Philadelphia — Shortly after receiving Tennessee Titans receiver AJ Brown Thursday night for picks 18 and 101 in the NFL draft, Eagles general manager Howie Roseman told the story of the first time he and coach Nick Sirianni saw Brown together during the run-up to the draft. .
“I think we were in the middle of the first match and Nick [stood up] And she went, ‘I’m fine. Do you guys need anything?’ Roseman said with a laugh, ‘I’ll get something to eat.’ And I went, ‘Can you sit down? Can we finish this?’ And he goes, ‘I will.’ But I know this guy.”
As the offensive coordinator for the Indianapolis Colts, Siriani saw Browns twice a year when they played with the division’s rival Titans, including in November of 2020, when the Browns had four catches for 98 yards and a touchdown and added a TD.
Siriani went on to return to size and strength when describing what he loved about Brown, who records at 6ft 226lbs. He noted that the 6-foot-6, 340-pound Brown and Jordan Davis, who was drafted by the Eagles on Thursday 13th overall, would make a fearsome duo as the first to get off the bus on match day.
This stands in contrast to the 6-foot-1, 170-pound DeVonta Smith, affectionately known as the Slim Reaper. They bring different skill sets to the table, which is a big reason Sirianni is so excited about the pairing.
“That’s exactly what it is,” he said of Brown and Smith. “It’s a good supplement.” “He’s a bigger guy with a lot of power to play. That’s one of the strongest receivers in the NFL.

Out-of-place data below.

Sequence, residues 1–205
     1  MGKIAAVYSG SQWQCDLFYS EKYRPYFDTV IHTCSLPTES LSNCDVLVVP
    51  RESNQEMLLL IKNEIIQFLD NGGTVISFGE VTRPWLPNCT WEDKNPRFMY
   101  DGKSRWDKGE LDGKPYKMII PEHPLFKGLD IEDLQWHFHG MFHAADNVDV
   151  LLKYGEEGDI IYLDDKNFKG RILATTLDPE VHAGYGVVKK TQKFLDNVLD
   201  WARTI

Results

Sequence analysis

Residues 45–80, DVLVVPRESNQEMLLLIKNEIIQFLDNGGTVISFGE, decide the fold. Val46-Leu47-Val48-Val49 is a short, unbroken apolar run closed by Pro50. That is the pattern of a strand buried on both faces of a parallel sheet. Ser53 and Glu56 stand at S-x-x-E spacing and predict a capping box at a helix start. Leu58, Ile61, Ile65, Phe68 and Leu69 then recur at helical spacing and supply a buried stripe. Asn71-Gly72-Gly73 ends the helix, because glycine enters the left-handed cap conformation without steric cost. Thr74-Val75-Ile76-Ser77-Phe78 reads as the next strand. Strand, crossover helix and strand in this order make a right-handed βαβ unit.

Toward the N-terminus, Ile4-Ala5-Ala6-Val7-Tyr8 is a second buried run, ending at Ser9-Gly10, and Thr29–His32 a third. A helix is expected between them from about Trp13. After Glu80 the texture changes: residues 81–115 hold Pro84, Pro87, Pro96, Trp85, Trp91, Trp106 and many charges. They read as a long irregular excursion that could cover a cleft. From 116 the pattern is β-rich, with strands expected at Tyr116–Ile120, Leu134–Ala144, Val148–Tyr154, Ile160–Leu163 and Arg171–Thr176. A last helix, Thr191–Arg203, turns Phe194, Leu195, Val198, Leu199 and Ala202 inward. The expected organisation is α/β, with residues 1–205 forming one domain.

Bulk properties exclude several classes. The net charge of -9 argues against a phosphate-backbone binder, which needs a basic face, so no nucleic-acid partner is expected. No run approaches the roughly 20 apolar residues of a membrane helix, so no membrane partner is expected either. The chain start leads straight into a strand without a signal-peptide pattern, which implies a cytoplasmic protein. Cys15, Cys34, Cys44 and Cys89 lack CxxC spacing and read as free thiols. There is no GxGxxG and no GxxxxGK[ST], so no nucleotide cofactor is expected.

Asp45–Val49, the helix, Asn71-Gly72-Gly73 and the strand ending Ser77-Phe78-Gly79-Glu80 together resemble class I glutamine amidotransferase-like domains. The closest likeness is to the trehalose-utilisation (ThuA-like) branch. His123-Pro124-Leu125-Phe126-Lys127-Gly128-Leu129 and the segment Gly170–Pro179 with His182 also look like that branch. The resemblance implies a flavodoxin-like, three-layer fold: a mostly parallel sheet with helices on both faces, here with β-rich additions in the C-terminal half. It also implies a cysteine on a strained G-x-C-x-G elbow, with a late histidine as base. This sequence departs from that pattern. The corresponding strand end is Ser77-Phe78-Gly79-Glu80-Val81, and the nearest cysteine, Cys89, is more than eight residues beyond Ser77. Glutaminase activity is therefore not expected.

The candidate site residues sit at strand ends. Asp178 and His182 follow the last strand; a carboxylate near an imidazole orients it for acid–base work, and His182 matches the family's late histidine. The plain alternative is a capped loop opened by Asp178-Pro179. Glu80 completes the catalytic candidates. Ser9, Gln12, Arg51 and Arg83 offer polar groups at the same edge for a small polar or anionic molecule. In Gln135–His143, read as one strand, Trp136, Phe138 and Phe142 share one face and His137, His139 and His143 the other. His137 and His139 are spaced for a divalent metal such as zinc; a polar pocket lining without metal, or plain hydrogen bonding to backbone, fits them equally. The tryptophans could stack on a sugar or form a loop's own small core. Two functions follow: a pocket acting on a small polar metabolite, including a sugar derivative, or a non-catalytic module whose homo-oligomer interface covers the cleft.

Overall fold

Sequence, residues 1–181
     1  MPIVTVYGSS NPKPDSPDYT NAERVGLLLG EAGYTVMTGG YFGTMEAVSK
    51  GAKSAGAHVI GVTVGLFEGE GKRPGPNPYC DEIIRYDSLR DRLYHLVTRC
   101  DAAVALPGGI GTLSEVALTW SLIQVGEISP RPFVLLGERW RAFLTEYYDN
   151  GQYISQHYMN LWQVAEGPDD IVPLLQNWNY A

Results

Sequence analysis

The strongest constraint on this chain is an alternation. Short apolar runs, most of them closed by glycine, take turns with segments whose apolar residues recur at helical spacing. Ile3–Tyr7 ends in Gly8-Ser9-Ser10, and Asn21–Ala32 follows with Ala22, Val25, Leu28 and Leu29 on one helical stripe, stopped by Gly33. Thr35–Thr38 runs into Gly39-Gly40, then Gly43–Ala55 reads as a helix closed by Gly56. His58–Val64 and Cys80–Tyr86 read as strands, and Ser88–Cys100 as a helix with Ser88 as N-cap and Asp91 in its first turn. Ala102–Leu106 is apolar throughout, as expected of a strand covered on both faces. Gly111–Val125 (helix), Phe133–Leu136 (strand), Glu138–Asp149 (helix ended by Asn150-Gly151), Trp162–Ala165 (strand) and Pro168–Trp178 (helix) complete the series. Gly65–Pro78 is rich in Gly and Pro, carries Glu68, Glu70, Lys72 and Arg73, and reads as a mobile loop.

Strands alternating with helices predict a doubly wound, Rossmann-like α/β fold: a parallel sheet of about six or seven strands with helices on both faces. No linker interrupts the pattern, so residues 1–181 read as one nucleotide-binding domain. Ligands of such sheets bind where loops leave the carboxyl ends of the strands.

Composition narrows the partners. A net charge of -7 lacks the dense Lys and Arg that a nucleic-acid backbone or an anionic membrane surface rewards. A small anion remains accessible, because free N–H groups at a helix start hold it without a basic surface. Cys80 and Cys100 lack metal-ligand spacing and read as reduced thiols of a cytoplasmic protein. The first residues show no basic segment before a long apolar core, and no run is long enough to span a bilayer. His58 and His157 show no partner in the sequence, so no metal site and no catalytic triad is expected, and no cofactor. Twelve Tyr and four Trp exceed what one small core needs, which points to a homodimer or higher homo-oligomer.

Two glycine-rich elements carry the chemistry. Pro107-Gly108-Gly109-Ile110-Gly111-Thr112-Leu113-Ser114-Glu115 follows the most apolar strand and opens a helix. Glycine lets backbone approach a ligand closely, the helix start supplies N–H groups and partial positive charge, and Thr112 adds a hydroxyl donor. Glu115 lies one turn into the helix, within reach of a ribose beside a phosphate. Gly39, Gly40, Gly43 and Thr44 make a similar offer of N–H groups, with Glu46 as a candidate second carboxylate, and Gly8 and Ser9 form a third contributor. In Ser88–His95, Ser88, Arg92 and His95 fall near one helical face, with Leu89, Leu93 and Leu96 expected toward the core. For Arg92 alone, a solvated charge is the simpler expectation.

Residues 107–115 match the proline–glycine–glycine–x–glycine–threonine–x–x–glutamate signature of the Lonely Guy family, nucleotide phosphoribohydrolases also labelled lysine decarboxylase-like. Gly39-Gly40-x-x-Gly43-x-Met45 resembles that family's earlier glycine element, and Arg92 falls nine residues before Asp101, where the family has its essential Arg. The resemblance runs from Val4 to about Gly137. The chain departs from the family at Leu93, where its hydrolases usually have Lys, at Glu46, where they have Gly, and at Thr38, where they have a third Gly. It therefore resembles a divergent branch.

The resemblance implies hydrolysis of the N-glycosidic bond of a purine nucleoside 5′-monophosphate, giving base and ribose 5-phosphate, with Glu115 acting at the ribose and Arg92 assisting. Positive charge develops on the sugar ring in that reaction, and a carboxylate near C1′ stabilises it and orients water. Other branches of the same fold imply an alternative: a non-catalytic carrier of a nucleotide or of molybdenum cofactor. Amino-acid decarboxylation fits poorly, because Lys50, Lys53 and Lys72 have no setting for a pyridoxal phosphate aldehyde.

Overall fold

“There are a lot of different things that because of his skills, because of that power of play, because of the speed of the body he has, and then his biggest asset… so many different ways that go with our attack that use that power of play, that use that speed. You want guys who can Winning singles matches, and this guy has shown in the NFL that he will win one-on-one matches.”
Midfielder Galen Hurts and Brown are friends. About a week before the draft, Hurts posted a photo on Instagram of him and Brown working in the field together. The only thing the Hurts lacked last season is a larger receiver that can run consistently over center and create yards after the hunt.
Brown ranked first in the YAC average in 2019 (9.0) and eighth in 2020 (6.1) before dropping to 55th in that category last season (3.7), according to ESPN statistics and information.
Smith, the 10th overall pick in the 2021 draft, had a solid rookie season, leading the team in receptions (64), receiving yards (916) and receiving touchdowns (5).
The Eagles believe Smith has the talent to be #1 on the scale. But the rest of the receiver picture was still shaky, with Galen Rigor having a hard time finding his footing and Quays Watkins a promising but unproven NFL receiver. They tried to trade Calvin Ridley before he was suspended from the season and also made an offer for free agent Christian Kirk, to no avail. Even though he’s only 24 years old, Brown has a Pro Bowl nod and a pair of 1,000-yard seasons under his belt, the kind of production that then proved.
Furthermore, they believe Brown can help protect Smith and crime from a major sophomore slump.
“I saw it myself [Chargers receiver] Keenan Allen, he had a bit of a slip from year one to year two because the defenses were putting pressure on him a little bit more. Well, that would make it very difficult for defenses to tackle a proven good like AJ Brown on the other side of him,” said Siriani, who was the Chargers receiver coach in 2016-2017. I think more than definitely this helps our game with scrolling, and that helps DeVonta. This is good for eagles only.”
This step is not without risks. Philadelphia handed Brown a four-year, $100 million extension that includes a guaranteed $57 million. Brown suffered multiple injuries last year, which took his receiving career down (869) and touchdown (5). They have given up recruiting and significant financial resources to land it – something Rosman seemed to loathe just a week ago.
But Philadelphia saw Yen Smith, someone who has a lasting relationship with QB and a player who could move on to the offense seamlessly.
“The coach has a vision. He has a vision of what we would look like offensively, and this guy was a good fit for us,” said Roseman.